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Mentoring
Mentoring

I’ll be your Mentor

A black figure sitting on a brown block

Two hands holding the Earth.


Instruction
Instruction

  • The menu bar above will take you directly to other sections

  • Please use the “Back, Return, Home, and Forward” buttons at the bottom left corner or the keyboard arrows to navigate throughout this module

  • Please be aware that some animations may take a few seconds to self-activate.

Two black figures shaking hands


Mentoring1

Resources

Mentoring

Components

Exercises

Overview

Model

A figure holding a banner that says “Mentoring”


Goals
Goals

  • To discuss mentoring history and general concepts.

  • To provide information about mentoring in general in postsecondary education.

  • To provide information about mentoring related to individuals with disabilities in postsecondary education.

  • To offer suggestions for using mentoring related to individuals with disabilities in postsecondary education.

  • To share exercises to be used to facilitate mentoring in postsecondary education.

An archer shooting an arrow


Objectives
Objectives

  • To understand fundamental mentoring concepts.

  • To understand why mentoring is important for students with disabilities in postsecondary education.

  • To learn why faculty may benefit from being mentored by students with disabilities.

A baseball player catching a ball


Evaluation
Evaluation

You can evaluate this module by clicking on the following link Click Here

A figure holding a sheet


Menu

Click on the appropriate box to go to that section

Components

Eight colorful folders linked to different sections


The history of mentoring
The History of Mentoring

  • Mentoring, both conceptually and in practice, is ancient.

  • Greek author Homer described Odysseus leaving for battle and requesting his friend Mentor to guide and protect his son in his absence.

  • Since the 20th Century when organizations such as the Big Brothers, Big Sisters and 12-step programs were popularized, mentors models have proliferated.

Ancient mentoring

A black figure mentoring a Romanian person


What is mentoring
What is Mentoring?

Mentoring is a dynamic, reciprocal, long-term formal, or informal, relationship that focuses on personal and/or professional development. A mentor is a sounding board and guide. Mentors provide perspective, resources, and ask thought-provoking questions. In the ideal mentoring relationship, mentors and mentees or protégés learn and teach each other.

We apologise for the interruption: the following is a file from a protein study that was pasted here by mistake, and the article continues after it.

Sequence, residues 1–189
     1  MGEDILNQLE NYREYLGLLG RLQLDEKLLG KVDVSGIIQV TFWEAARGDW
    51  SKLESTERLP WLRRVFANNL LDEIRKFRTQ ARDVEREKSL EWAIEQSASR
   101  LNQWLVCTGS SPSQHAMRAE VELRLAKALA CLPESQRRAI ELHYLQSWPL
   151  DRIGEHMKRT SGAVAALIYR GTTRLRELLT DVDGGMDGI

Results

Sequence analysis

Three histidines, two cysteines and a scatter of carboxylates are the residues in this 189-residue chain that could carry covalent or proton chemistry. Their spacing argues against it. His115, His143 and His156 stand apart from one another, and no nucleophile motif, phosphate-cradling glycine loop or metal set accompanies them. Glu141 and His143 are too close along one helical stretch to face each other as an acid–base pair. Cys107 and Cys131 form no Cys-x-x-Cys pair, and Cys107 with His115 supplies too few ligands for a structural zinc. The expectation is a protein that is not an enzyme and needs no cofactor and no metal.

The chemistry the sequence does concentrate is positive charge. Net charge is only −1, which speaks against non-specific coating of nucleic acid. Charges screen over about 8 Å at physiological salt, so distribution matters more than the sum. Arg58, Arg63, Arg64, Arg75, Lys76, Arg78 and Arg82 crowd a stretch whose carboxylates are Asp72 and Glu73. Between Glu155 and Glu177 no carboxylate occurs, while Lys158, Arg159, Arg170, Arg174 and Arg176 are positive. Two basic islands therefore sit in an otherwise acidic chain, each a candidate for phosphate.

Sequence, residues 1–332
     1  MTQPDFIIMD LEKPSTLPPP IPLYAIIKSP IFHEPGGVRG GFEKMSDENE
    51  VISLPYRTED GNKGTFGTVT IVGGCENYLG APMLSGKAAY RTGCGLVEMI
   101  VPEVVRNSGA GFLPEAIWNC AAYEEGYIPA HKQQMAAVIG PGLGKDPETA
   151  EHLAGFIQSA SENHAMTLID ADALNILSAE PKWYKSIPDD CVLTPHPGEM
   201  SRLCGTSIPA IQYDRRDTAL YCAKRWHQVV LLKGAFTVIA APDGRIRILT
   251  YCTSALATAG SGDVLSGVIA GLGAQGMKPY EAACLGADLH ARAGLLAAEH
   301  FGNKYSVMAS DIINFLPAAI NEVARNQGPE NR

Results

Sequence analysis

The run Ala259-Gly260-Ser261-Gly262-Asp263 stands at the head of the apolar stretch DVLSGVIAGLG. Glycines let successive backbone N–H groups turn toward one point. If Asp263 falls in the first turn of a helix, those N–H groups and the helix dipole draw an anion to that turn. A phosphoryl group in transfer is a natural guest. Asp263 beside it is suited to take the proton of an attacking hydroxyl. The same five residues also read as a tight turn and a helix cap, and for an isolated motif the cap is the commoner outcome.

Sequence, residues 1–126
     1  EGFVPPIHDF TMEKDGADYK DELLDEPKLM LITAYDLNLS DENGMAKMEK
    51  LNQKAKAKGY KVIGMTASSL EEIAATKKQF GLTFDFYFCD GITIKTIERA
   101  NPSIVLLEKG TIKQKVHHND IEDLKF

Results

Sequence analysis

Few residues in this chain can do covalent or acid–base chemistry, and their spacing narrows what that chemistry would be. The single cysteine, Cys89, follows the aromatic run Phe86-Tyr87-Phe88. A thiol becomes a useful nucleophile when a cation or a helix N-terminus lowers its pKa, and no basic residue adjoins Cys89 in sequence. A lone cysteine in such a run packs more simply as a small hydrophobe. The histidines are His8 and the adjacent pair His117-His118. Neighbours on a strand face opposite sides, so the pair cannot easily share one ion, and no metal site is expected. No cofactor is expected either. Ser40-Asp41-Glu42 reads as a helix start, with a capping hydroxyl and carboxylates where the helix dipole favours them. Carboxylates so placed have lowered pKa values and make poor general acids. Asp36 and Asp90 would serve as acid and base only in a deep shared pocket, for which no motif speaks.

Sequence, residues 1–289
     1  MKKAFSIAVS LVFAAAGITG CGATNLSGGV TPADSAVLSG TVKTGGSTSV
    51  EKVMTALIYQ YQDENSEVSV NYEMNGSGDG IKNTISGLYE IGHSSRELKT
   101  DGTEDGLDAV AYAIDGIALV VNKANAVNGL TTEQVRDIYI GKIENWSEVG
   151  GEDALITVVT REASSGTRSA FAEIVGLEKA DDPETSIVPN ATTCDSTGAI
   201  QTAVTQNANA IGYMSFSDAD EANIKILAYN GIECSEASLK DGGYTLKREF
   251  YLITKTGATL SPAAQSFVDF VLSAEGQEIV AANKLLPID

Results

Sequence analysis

Two black figures shaking

hands

Brown, S. E.,Takahashi, K., and Roberts, K. D. (2010). Mentoring individuals with disabilities in postsecondary education: A review of the literature,” Journal of Postsecondary Education and Disability, 23(2), 98-111.


Why mentoring is important
Why Mentoring is Important

Connecting

Thriving

Learning

Leading

Working

A black figure with a question mark over his head

Hare, R. (2008). Plotting the course for Success: An Individualized Mentoring Plan for youth with disabilities. Washington, D.C: National Consortium on Leadership and Disability for Youth, Institute for Educational Leadership.


The importance of mentoring in postsecondary education
The Importance of Mentoring in Postsecondary Education

  • Helps to develop relationships with professors

  • Assist in the alliance with peers

  • Helps to develop a support system

A graduate receiving a diploma from the dean


Why is mentoring important for faculty and students with disabilities
Why is mentoring Important for Faculty and Students with Disabilities?

All are a hole in one!!!

Click on the black holes to see the benefits. (Left to right)

Promotes inclusion

Retention of students

Friendships

Promotes accessibility

Creates inclusive environments

Matriculation for students with disabilities

Increases the knowledge, skills and awareness of faculty members related to disability issues

Students with disabilities are both mentees mentors

Transfer skill sets to other areas

A black figure juggling red balls